What does the law say about self-quarantining in NSW?
In an attempt to counter the spread of the novel coronavirus (COVID-19), several public health measures have been implemented across Australia, and New South Wales is no exception.
These include directions that require self isolation in certain situations, the quarantining of arrivals into Australia and prohibitions on certain public gatherings.
Breaching these rules can lead to serious consequences, including criminal charges and even the prospect of imprisonment.
Here’s a rundown of the rules.
The Public Health Act 2010 (NSW) (‘the Act’) empowers state officials to make a range of enforceable directions and orders with a view to dealing with public health risks.
The power to deal with these risks is contained in section 7 of the Act, which provides that where the health minister considers on reasonable grounds that a situation has arisen that is, or is likely to be, a risk to public health, the minister may take such action or give such directions that are necessary to deal with the risk and its possible consequences.
The section makes clear that actions and orders can be made in order to:
- Reduce or remove any risk
- Segregate or isolate inhabitants
- Prevent, or conditionally permit, access to areas
Similar legislation applies in other parts of the nation.
Current ministerial directions
The following directions have been made pursuant to these rules:
- All people who arrive in Australia must self-isolate for 14 days
- Individuals who have been in close contact with a confirmed case of coronavirus must self-isolate for 14 days
- Public gatherings of more than 500 people are prohibited. This rule does not apply to schools, universities, shops, supermarkets, public transport or airports
- Individuals who are diagnosed with the virus must be placed in quarantine
Section 10 of the Act provides that a person who, without reasonable excuse, fails to comply with such a direction faces a maximum penalty of 6 months in prison and/or a fine of 100 penalty units, which is currently $11,000.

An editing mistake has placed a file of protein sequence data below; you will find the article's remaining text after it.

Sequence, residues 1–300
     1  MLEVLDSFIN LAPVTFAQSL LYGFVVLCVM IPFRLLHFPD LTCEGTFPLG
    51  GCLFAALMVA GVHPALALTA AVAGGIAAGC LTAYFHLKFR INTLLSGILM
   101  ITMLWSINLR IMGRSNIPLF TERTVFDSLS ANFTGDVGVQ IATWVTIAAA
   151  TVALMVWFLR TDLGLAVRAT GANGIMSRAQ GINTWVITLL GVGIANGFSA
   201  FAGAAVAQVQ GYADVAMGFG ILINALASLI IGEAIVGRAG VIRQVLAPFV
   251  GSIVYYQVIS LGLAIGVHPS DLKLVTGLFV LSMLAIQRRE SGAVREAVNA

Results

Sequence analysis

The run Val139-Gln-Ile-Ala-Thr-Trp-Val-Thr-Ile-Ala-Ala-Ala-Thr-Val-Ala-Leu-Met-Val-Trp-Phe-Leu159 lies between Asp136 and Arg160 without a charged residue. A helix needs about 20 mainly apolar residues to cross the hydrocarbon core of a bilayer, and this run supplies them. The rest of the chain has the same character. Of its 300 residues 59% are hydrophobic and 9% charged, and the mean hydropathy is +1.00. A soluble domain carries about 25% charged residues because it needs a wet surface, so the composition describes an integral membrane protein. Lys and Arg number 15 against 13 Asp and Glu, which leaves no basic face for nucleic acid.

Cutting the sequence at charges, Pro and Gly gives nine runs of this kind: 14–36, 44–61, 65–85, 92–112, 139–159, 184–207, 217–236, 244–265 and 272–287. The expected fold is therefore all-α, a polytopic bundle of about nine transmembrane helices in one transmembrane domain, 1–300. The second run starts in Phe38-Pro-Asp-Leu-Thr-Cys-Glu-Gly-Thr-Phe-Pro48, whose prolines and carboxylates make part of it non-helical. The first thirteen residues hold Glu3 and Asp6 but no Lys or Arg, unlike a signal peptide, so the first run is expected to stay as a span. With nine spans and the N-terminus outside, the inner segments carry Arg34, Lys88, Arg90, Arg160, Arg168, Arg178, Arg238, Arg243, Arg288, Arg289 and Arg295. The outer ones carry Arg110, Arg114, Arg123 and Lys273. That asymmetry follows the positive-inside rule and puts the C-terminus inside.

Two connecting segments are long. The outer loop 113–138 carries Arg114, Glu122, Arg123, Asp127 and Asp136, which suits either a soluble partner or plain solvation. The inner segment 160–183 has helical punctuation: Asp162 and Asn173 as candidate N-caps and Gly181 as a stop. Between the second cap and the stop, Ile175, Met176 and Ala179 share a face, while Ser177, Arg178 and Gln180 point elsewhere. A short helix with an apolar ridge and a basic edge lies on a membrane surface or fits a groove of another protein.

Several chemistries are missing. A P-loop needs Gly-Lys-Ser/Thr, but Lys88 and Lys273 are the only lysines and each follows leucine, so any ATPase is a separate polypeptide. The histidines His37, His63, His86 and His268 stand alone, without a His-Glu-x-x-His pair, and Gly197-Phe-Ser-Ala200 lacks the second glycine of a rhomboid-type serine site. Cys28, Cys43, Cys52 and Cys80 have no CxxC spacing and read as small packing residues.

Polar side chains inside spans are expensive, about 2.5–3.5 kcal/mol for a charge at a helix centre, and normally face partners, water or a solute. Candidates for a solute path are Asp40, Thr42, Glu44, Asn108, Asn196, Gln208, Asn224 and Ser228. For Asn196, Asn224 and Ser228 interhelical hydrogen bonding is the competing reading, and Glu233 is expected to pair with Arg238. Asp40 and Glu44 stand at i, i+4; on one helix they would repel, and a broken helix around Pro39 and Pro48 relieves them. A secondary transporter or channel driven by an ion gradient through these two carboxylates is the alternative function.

Any continued failure to comply is punishable by a fine of 50 penalty units, or $5,500, for each day the offence continues.
The maximum penalty for companies is 500 penalty units, or $55,000, and 250 penalty units, or $27,500 for each day the offence continues.
Orders against persons suspected of being infected
Section 62 of the Act empowers ‘authorised medical practitioners’ – who are defined by section 60 as the chief health officer and registered medical practitioners authorised by the chief health officer’s secretary – to make public health orders against individuals in certain circumstances.
The section provides that such an order can be made if the practitioner is satisfied, on reasonable grounds, that the person:
- Has a Category 4 or 5 condition and because of the way the person behaves may, as a consequence of that condition, be a risk to public health (coronavirus is a category 4 condition), or
- Has been exposed to a contact order condition, is at risk of developing the contact order condition, and may be a risk to public health because of the way the person behaves.
Such an order may require a person – known as the ‘public health detainee’ to do any of the following things:
- Refrain from specified conduct
- Undergo specified treatment
- Undergo counselling
- Submit to the supervision
- Notify the Secretary of other persons with whom the person has been in contact within a specified period
- Notify the Secretary if the person displays any specified signs or symptoms
Section 71 of the Act provides that a person who contravenes a public health order can be placed under arrest to ensure compliance.
Powers to ensure compliance with the Act
The Act contains a number of powers to enable authorised officers of the NSW Health Service to ensure compliance.
These include section 108 which empowers them to enter premises and seize, inspect or copy documents in the premises, section 110 which can force suspected persons to answer relevant questions and 112 which requires persons to give their name and address.
Written by Ugur Nedim. Republished with permission of Sydney Criminal Lawyers.
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